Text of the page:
Slag Lane, BDW, p planning docs

The site was released from the Green Belt last year. Credit: via planning documents

Housebuilders press ahead with 464-home St Helens scheme 

David Wilson and Barratt have tabled plans to redevelop a 47-acre former Green Belt site in Haydock. 

The housebuilders have submitted a planning application for the 464-home scheme at Florida Farm to St Helens Council. 

David Wilson Homes plans to build 184 of the units with Barratt delivering 280. The developers plan to offer up 30% of the properties on affordable tenures. 

As well as a mix of two-, three, and four-bedroom houses, the scheme features proposals for: 

  • A new access route off the East Lancs and another from Vicarage Road 
  • A linear park around the existing watercourse that cuts through the site 
  • 540 new trees. 

WSP is advising on planning and Escape Urbanists has drawn up a masterplan for the site. 

To learn more about the plans, search for application reference number P/2023/0512/FUL on St Helens Council’s planning portal. 

The plot is allocated as a strategic housing site in St Helens local plan and is located on the opposite side of the East Lancs Road to Bericote’s emerging industrial park, home to the likes of Amazon and Kellogg’s. 

The site was one of six the local council opted to release from the Green Belt in its most recent local plan. In total, these plots have capacity for 2,114 homes.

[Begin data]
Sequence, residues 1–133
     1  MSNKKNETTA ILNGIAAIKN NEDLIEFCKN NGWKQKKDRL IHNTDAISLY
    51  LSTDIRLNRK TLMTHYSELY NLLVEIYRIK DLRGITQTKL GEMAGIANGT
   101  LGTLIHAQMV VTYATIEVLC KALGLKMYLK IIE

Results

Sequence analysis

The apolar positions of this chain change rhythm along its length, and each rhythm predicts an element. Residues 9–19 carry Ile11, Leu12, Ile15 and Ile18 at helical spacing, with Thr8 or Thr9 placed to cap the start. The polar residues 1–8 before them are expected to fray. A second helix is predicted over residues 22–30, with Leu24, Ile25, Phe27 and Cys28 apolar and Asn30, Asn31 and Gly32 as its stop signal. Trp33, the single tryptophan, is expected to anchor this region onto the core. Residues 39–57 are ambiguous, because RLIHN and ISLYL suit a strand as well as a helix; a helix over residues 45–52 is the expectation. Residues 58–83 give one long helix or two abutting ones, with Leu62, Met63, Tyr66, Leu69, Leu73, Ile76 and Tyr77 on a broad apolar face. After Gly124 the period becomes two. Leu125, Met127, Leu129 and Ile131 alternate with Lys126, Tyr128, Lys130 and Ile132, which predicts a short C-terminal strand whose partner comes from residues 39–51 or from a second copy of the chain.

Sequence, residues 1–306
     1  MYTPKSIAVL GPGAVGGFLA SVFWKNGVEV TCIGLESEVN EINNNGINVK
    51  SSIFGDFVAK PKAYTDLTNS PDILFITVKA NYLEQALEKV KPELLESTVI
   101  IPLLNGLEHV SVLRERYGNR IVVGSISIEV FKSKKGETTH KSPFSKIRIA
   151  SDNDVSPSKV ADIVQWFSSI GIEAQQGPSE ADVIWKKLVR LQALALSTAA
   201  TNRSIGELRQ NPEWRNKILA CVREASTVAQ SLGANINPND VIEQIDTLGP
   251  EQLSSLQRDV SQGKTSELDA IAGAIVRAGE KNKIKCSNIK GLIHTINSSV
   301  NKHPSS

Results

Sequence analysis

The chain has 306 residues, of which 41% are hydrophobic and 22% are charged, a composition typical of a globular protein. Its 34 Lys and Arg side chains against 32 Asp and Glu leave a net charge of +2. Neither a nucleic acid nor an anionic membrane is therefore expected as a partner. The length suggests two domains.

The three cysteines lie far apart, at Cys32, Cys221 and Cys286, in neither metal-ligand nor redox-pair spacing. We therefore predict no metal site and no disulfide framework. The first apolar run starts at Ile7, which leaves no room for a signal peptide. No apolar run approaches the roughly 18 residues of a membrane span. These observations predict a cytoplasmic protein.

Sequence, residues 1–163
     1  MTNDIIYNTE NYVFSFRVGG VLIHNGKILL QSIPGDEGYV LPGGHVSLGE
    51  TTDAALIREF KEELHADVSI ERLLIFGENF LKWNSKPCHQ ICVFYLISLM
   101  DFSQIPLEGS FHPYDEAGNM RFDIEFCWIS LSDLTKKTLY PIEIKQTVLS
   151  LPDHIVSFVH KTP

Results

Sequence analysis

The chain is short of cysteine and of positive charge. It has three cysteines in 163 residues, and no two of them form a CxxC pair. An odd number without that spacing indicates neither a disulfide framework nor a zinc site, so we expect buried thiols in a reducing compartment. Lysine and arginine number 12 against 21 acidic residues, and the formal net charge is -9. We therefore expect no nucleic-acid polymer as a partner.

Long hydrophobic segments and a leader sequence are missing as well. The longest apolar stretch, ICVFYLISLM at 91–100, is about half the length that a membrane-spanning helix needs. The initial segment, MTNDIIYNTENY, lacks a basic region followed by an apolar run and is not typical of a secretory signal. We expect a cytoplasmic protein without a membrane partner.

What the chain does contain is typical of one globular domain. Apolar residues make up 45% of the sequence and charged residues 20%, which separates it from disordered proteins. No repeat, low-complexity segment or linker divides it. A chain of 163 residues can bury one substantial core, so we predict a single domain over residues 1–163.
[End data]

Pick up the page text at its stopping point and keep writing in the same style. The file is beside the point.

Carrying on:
Your Comments

Read our comments policy

As someone who uses the A580 cycleway occasionally, I can’t help but notice that this development would add an unnecessary extra junction and therefore a ratrun from the A580 to Vicarage Road (because why would you wait for traffic lights if you can make that shortcut?) But I also notice that none of the development links to the A580 cycleway – not anywhere. You have to mix with traffic at the proposed new link road. It also has no active travel connections to the surrounding housing estates. It is lacking paths across the waterway that runs centrally along the development. There are two schools to the south – but no short walking/wheeling routes to get there. So parents will almost certainly drive those trips.